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ultimate causeultimate Ursache (ger.)

  • The cause of a biological phenomenon that refers to its phylogenetic origin and adaptive value.
    function proximate cause
    In cold and temperate climates it is usually clear that the season adopted allows the young to grow up in favourable climatic conditions, and one may say that in a sense these conditions are the ultimate cause of the breeding season at that particular time.
    Baker, J.R. (1938). The evolution of breeding seasons. In: de Beer, G.R. (ed.). Evolution. Essays on Aspects of Evolutionary Biology, 161-177: 162.

    Now, if we look over the four causations of the migration of this bird [i.e. the warbler] once more we can readily see that there is an immediate set of causes of the migration, consisting of the physiological condition of the bird interacting with photoperiodicity and drop in temperature. We might call these the proximate causes of migration. The other two causes, the lack of food during winter and the genetic disposition of the bird, are the ultimate causes.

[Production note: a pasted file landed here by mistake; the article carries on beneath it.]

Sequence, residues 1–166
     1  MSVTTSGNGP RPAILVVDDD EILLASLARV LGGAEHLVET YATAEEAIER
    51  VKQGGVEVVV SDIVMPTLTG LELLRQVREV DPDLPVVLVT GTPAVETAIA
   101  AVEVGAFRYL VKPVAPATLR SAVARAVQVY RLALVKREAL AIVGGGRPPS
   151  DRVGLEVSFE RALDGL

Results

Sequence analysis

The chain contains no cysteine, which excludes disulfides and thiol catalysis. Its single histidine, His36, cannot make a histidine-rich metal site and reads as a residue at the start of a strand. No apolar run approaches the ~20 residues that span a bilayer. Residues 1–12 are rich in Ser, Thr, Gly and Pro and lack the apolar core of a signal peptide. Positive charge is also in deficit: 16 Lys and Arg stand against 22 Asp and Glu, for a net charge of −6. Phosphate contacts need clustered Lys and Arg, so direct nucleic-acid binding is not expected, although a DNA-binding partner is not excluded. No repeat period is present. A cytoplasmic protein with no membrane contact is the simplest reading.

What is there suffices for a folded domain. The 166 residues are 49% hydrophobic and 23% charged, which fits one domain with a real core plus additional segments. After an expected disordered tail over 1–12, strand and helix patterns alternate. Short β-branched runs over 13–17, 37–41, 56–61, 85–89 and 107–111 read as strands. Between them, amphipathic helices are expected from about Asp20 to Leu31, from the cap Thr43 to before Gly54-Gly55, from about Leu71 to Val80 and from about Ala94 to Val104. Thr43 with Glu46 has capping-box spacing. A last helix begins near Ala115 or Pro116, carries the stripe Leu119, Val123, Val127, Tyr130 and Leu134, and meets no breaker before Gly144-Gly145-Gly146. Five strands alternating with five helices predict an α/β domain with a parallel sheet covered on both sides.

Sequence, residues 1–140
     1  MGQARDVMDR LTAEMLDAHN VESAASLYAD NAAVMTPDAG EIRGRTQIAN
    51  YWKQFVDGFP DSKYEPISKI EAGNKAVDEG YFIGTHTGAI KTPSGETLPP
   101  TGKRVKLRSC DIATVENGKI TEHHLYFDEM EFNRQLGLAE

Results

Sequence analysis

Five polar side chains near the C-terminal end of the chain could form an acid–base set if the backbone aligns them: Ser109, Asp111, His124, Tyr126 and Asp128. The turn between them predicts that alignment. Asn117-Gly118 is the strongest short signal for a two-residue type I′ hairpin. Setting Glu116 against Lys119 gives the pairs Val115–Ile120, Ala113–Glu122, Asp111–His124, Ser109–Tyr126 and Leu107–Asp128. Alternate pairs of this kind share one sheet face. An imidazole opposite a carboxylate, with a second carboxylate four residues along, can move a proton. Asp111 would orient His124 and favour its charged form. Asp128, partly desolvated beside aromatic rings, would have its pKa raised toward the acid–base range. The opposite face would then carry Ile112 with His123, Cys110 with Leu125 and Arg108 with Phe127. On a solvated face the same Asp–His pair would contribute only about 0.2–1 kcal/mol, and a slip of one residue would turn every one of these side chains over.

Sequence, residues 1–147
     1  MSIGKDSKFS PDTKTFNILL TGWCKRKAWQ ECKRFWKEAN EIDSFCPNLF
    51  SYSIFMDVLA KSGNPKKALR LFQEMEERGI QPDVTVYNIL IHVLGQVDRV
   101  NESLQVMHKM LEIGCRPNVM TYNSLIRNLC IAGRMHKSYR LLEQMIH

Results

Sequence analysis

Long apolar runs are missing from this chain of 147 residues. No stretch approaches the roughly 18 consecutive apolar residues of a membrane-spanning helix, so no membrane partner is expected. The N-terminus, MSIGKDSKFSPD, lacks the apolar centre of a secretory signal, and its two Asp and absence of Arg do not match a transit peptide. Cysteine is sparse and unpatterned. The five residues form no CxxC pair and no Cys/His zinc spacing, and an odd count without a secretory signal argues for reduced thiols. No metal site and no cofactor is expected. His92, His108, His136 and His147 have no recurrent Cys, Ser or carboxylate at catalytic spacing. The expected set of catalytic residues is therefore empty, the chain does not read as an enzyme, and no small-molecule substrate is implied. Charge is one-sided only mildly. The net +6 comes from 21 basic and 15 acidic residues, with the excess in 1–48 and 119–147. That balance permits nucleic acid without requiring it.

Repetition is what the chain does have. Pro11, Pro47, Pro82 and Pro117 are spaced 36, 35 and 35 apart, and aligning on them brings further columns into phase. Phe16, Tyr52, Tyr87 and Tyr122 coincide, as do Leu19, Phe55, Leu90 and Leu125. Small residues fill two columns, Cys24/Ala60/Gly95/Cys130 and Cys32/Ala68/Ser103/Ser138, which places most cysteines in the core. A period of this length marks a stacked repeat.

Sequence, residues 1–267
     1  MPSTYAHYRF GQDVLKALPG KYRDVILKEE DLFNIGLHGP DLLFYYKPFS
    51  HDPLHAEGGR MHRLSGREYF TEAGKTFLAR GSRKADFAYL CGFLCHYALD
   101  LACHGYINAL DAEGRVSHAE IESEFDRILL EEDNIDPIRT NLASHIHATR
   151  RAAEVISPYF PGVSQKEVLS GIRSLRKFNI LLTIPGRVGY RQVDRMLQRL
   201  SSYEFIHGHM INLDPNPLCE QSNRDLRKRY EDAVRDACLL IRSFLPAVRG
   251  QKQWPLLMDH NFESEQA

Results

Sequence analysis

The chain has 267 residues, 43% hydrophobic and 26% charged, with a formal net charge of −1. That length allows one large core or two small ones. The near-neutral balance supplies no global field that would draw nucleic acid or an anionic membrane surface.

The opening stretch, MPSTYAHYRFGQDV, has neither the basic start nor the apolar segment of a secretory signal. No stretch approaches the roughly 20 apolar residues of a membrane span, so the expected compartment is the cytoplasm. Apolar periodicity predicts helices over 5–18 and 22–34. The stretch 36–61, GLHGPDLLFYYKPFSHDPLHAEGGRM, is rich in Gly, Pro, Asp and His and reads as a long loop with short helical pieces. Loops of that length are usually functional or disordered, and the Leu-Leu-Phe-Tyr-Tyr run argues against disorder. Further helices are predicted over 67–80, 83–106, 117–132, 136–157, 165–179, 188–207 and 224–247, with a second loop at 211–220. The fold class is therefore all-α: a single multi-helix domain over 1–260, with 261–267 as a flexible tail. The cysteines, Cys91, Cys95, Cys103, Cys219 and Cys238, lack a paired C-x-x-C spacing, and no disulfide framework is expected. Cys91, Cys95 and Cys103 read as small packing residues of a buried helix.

Mayr, E. (1961). Cause and effect in biology. Science 134, 1501-1506: 1503.

    Just as the need for ultimate (in addition to proximate) explanations protects biology from being reduced to molecular biology and finally to chemistry and physics, and as the need for ultimate explanations thus ensures the autonomy of biology, so too it ensures the autonomy of philosophy of biology.
    Beatty, J. (1994). The proximate/ultimate distinction in the multiple careers of Ernst Mayr. Biol. Philos. 9, 333-356: 352.
    Proximate explanations answer causal questions of individuals and the ultimate explanations answer questions about the prevalence and maintenance of traits in a population.

    Ariew, A. (2003). Ernst Mayr’s ›ultimate/proximate‹ distinction reconsidered and reconstructed. Biol. Philos. 18, 553-565: 559.